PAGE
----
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Saturday 24 August 2019

Pope stirs up victim fury with child sex comments

John Cooney Religion Correspondent

VICTIMS of clerical sex abuse have reacted furiously to Pope Benedict's claim yesterday that paedophilia wasn't considered an 'absolute evil' as recently as the 1970s.

In his traditional Christmas address yesterday to cardinals and officials working in Rome, Pope Benedict XVI also claimed that child pornography was increasingly considered "normal" by society.

"In the 1970s, paedophilia was theorised as something fully in conformity with man and even with children," the Pope said. "It was maintained -- even within the realm of Catholic theology -- that there is no such thing as evil in itself or good in itself. There is only a 'better than' and a 'worse than'. Nothing is good or bad in itself."

The Pope said abuse revelations in 2010 reached "an unimaginable dimension" which required the Catholic Church to accept the "humiliation" as a call for renewal.

Asking how sexual abuse exploded within the Church, the German Pontiff called on senior clerics "to repair as much as possible the injustices that occurred" and to help victims heal their hurts through a better presentation of the Christian message.

"We cannot remain silent about the context of these times in which these events have come to light," he said, citing the growth of child pornography "that seems in some way to be considered more and more normal by society," he said.


But outraged Dublin victim Andrew Madden accused the Pope of not knowing that child pornography was actually the viewing of images of children being sexually abused, and should be named as such.

He said: "That is not normal. I don't know what company the Pope has been keeping for the past 50 years."

Pope Benedict also said sexual tourism in the third world was "threatening an entire generation". Angry abuse victims in America last night said that while some church officials have blamed the liberalism of the 1960s for the church's sex abuse scandals and cover-up catastrophes, Pope Benedict had come up with a new theory of blaming the 1970s. "Catholics should be embarrassed to hear their Pope talk again and again about abuse while doing little or nothing to stop it and to mischaracterise this heinous crisis," said Barbara Blaine, the head of SNAP, the Survivors Network of those Abused by Priests.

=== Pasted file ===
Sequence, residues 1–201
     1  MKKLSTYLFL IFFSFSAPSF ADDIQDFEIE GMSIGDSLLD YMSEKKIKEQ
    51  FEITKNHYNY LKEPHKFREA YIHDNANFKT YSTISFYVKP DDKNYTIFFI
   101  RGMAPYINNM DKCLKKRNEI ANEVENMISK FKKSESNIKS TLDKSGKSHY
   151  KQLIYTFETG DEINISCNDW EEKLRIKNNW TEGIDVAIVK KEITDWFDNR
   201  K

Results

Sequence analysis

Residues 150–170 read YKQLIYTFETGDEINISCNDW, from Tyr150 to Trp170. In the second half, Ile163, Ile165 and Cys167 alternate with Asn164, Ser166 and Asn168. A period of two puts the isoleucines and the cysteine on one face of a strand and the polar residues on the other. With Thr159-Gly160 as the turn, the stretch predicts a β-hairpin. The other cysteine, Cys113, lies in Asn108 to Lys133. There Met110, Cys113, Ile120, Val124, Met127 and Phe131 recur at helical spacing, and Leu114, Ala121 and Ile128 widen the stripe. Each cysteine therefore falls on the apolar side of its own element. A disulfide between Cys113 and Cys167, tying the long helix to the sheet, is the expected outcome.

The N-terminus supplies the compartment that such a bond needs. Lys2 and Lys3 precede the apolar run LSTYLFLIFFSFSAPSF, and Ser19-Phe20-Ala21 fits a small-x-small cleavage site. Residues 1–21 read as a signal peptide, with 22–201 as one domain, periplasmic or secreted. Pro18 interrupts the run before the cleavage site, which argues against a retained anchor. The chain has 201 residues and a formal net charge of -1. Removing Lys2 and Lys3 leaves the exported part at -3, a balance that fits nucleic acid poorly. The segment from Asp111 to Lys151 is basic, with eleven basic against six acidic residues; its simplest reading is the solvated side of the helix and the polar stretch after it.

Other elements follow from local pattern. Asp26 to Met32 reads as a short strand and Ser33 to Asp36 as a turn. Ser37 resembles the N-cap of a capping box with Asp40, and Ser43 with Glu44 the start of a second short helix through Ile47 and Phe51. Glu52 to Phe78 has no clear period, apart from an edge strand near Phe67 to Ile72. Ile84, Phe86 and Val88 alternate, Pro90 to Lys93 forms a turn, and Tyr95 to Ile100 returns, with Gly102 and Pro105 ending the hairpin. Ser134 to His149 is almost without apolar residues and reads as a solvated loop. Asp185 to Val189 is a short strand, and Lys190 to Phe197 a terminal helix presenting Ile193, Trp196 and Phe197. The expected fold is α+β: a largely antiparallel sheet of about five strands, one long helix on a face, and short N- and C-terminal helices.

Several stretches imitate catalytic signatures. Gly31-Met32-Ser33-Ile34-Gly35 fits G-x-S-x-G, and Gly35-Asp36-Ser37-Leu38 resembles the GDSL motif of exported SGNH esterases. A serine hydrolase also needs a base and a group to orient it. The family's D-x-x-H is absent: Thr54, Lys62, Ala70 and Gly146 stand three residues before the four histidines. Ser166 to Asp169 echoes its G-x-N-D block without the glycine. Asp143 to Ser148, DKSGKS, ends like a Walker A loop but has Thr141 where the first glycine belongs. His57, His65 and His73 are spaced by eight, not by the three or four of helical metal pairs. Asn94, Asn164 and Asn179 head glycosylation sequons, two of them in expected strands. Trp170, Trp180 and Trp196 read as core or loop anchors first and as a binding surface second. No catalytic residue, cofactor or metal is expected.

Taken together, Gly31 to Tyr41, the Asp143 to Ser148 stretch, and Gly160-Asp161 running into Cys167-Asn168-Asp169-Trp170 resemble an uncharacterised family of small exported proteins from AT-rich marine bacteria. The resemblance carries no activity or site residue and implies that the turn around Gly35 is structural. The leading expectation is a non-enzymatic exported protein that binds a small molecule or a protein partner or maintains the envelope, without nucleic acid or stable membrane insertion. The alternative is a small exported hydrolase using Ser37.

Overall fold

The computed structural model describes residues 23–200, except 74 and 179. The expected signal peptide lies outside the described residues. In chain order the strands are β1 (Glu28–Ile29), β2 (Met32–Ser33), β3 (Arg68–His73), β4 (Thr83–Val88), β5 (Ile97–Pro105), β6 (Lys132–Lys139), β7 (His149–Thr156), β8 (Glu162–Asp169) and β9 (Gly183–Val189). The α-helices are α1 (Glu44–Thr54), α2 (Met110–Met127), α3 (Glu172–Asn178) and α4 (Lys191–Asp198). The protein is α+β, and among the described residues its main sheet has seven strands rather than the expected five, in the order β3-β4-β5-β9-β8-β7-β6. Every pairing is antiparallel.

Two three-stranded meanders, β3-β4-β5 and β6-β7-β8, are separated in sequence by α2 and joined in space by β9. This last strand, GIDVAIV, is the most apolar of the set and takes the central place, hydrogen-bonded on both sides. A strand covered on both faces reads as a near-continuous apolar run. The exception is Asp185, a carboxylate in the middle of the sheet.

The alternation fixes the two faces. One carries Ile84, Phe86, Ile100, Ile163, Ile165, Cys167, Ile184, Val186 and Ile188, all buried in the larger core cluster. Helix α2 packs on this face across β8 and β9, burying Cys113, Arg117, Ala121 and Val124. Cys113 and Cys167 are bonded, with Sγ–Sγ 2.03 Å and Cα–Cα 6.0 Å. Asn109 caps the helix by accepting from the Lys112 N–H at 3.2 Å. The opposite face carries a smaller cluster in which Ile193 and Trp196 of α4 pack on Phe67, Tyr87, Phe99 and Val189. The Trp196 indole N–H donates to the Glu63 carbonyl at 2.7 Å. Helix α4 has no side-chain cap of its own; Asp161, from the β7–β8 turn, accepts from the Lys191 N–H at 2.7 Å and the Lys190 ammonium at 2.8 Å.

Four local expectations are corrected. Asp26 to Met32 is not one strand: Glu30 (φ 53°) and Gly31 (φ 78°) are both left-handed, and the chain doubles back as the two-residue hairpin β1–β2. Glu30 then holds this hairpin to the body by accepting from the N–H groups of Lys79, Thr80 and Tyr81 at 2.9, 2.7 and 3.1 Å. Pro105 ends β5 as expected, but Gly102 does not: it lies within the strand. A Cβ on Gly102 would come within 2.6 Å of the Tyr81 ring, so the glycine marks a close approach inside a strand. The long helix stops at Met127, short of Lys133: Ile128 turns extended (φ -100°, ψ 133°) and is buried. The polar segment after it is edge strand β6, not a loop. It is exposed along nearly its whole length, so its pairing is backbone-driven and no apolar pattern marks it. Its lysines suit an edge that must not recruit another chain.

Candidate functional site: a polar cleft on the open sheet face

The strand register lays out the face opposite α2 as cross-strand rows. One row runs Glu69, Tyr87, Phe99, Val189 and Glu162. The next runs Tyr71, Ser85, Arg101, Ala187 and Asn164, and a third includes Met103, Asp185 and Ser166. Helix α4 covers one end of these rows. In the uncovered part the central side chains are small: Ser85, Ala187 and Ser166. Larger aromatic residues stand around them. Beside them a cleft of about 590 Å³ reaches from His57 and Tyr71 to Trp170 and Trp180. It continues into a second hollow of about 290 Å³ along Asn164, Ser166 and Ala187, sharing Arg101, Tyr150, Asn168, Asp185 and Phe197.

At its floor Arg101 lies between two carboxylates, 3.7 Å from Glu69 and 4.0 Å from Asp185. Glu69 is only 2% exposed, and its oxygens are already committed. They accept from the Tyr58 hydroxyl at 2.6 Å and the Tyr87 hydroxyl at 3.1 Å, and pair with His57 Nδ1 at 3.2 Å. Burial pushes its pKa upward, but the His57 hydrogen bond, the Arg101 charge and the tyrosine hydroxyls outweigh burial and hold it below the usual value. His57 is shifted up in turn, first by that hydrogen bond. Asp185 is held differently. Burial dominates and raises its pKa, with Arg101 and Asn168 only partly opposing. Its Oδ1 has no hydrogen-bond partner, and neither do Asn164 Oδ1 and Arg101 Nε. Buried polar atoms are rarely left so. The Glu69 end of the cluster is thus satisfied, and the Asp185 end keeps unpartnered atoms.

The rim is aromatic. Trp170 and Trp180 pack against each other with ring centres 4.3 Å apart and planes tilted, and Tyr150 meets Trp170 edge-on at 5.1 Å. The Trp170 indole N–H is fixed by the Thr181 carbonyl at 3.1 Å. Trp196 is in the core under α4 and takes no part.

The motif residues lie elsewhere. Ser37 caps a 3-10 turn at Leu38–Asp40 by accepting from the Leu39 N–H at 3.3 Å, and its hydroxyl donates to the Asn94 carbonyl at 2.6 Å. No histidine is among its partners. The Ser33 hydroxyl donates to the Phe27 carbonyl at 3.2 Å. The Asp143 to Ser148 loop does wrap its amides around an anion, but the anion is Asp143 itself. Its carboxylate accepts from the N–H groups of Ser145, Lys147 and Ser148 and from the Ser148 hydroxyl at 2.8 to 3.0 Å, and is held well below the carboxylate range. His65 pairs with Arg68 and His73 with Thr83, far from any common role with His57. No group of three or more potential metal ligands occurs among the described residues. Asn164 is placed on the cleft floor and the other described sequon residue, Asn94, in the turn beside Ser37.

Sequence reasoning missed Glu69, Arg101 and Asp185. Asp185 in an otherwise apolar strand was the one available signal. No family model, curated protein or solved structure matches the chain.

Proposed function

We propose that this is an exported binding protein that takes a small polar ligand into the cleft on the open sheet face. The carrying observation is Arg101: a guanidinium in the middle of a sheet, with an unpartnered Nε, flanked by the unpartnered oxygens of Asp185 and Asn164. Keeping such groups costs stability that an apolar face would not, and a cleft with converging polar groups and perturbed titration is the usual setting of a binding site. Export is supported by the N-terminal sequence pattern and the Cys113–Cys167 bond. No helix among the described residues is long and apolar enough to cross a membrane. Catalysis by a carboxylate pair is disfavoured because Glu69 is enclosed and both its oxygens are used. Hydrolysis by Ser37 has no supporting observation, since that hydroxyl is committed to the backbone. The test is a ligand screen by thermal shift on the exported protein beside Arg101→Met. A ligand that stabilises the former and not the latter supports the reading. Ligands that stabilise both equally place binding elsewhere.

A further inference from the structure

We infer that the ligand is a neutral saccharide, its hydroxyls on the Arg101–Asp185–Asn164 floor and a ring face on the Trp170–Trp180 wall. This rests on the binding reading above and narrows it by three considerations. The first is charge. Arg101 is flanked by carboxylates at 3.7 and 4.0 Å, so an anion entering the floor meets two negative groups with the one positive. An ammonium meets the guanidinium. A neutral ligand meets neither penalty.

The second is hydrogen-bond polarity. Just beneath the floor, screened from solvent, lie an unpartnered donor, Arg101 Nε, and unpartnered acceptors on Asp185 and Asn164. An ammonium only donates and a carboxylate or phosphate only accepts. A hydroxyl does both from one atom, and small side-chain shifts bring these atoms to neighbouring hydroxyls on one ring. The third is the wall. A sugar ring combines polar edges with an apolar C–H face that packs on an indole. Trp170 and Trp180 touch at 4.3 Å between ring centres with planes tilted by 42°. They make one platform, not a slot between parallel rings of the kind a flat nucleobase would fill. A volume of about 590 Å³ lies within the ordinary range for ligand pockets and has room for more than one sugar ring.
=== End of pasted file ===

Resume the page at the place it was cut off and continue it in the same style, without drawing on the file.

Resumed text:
"It is fundamentally disturbing to watch a brilliant man so conveniently misdiagnose a horrific scandal," she added.

"The Pope insists on talking about a vague 'broader context' he can't control, while ignoring the clear 'broader context' he can influence -- the long-standing and unhealthy culture of a rigid, secretive, all-male church hierarchy fixated on self-preservation at all costs. This is the 'context' that matters."

The latest controversy comes as the German magazine 'Der Spiegel' continues to investigate the Pope's role in allowing a paedophile priest to work with children in the 1980s when he was Cardinal Joseph Ratzinger, Archbishop of Munich.


It also come only days after Irish abuse victims vented their anger and dismay at the Murphy Commission's disclosure that the Vatican initially rejected a verdict by a Dublin church tribunal to defrock the now jailed Fr Tony Walsh in 1993.

The Vatican proposed a 10-year confinement for Walsh in a monastery, even though he had been diagnosed by psychiatrists as a serial abuser.

It was only when Walsh was imprisoned shortly afterwards that Cardinal Desmond Connell begged the late Pope John Paul II to remove Walsh from the priesthood which was belatedly facilitated by Cardinal Ratzinger, by now the head of the Congregation for the Doctrine of the Faith dealing with abuse cases.

In his address, Pope Benedict specifically insisted that the church needed to train prospective priests better so that abusers were not ordained, and he committed the church to help heal victims of paedophile priests.

Irish Independent

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